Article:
“We saw [Raashed] get a slap on the wrist and knew that the other one was gonna get a slap on the wrist,” says Takisha.
As parents, both Cromarties say, they understand McKeython’s desperation but that his actions amount to, at best, grasping and, at worst, an attempt to get others to admit guilt so his sons can shirk their responsibility.
“Go after them—I’m not mad at you,” Takisha says. “Just don’t try to justify.”
Takisha and Daniel say that they’ve had to accept the fact that their child is gone and that McKeython should do the same. In fact, it should be easier for him, since he can still see his kids from time to time, talk to them on the telephone, and look forward to the day when they’ll come home. They suggest that McKeython face the reality of the situation rather than waste energy pursuing something that may never turn out in his favor.
“I’ve accepted it as an accident,” Takisha says of the shooting. “I don’t wanna shake your hand, be your friend, or even walk on the same sidewalk you’re walking on, but I’ve accepted it as an accident.
“I’ve accepted they didn’t mean it,” Takisha continues calmly while watching Little Dan playing on their front stoop. “You have to accept that your child took a life.”
McKeython acknowledges that his newfound activist streak is solely inspired by the incarceration of his two sons. No matter how unjust or despicable the criminal-justice system might have been before last May, it was only after Raashed and Ricardo became a part of it that McKeython took an interest.
“I want to show the boys that they still have someone fighting for them,” he says. “I know it’s wrong. These boys have a daddy; I’m not gonna let ’em go down.”
McKeython claims that he has been, on some level, preparing for something like this since his first child was born. He says it was never out of the realm of possibility that one of his kids would be involved in some sort of tragedy, be it as a victim or perpetrator.
“I always think, Those could be my children,” McKeython says. When he first heard of Chelsea’s murder, his reaction was no different. He wondered, just for a split second, if any of his children could be involved. “If a house is on fire, that could be my house—it could be anybody’s children involved.”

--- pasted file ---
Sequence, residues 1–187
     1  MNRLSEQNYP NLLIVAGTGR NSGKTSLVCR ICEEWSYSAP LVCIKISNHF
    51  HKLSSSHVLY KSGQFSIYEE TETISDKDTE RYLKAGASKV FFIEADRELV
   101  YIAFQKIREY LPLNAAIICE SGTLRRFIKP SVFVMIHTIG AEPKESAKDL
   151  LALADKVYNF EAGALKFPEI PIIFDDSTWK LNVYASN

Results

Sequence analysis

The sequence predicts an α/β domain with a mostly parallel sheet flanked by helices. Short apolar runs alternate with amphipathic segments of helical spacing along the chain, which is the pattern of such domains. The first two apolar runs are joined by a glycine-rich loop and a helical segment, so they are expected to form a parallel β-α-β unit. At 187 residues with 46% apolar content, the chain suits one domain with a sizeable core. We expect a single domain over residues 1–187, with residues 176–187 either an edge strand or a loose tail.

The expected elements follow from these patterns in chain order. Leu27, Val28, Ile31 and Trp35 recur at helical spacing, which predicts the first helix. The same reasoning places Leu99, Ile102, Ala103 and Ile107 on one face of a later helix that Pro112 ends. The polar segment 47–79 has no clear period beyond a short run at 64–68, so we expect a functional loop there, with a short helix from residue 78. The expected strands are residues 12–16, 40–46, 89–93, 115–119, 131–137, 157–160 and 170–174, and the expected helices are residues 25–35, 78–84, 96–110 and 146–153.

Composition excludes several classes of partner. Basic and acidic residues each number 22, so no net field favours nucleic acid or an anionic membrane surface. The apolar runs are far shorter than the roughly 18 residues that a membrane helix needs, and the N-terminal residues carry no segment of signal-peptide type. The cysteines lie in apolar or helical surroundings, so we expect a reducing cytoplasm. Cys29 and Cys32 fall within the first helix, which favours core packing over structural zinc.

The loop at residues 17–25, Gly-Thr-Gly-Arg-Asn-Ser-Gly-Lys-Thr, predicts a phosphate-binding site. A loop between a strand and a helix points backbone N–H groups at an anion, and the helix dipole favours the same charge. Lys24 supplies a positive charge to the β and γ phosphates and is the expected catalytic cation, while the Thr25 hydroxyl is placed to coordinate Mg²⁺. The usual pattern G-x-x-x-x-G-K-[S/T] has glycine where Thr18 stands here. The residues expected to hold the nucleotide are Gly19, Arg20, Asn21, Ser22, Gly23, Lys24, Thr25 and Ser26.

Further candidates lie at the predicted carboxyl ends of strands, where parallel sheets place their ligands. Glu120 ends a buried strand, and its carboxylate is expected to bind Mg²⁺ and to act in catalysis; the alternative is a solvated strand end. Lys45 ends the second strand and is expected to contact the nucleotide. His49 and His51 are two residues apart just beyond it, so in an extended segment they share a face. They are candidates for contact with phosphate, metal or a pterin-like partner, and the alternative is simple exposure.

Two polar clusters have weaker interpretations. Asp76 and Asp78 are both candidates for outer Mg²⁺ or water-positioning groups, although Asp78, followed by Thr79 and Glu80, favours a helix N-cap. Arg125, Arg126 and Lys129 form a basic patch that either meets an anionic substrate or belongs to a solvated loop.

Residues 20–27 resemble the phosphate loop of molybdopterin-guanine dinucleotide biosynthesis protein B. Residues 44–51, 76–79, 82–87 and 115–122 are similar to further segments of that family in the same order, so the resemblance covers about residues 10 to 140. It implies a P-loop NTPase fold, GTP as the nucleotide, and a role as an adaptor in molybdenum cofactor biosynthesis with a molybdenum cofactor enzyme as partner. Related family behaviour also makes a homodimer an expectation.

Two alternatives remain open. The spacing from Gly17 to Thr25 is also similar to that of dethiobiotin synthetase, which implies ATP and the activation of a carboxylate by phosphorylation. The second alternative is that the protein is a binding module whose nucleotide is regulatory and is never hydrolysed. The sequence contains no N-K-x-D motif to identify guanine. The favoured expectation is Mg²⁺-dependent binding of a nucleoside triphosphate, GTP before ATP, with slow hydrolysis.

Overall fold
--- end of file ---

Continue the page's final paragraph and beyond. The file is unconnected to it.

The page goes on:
Now that his distant fear has been realized, he spends much of his time taking care of business relating to his sons, albeit in a different way from what he is used to. He has always taken his kids back and forth to school, done laundry, cooked. “I saw this Oprah about dads taking care of children,” McKeython says. “Put all of them together and they can’t touch me.”
But in taking on the criminal-justice system, McKeython has left the role of everyday comforter to Raashed and Ricardo’s mother. Cheryl is the one they call up to talk to as they struggle with their incarceration—and with the fact that the people who tried to kill Raashed and Ashley are still free. She is the one who tries to ease their minds, leaving McKeython to concentrate on the larger, and less practical, task of changing the basic tenets of justice.
McKeython is supremely confident that he will prevail. His case is going to break things open, he says. There will be countless interviews and enormous public interest in how he managed to shine a spotlight on our backward legal system. There will be no more closed-door meetings and whispering at the bench, deciding what evidence should and should not be heard.
“It’s coming! It’s gonna blow!” he’s fond of saying of his case, usually at a volume appropriate for someone announcing a volcano’s impending explosion.
He has even conjured up a vision of the press conference that will be held after he defeats Cobb in court. The first thing he will do when he goes in front of the news cameras will be to apologize to the Cromartie family. He’ll thank God, and talk about how his faith made it all possible. And he’ll throw out what has become his catch phrase over the last year, the trademark wording that has been included in most of the various correspondence he has filed: “Truth crushed to the earth will rise!”
“That’s my favorite little saying,” McKeython says.
Despite his enthusiasm, the chances that McKeython’s victory speech will ever actually happen are slim to none, at least according to precedent. “You could look at the dockets in D.C. and around the country and find cases filed against assistant U.S. attorneys, assistant district attorneys, FBI agents…but how many result in entry of judgment against the government official? When we get to that question, very, very few of the number of cases filed,” says Mark Nagle, former chief of the civil division of the U.S. Attorney’s Office and current partner at Sheppard, Mullin, Richter & Hampton.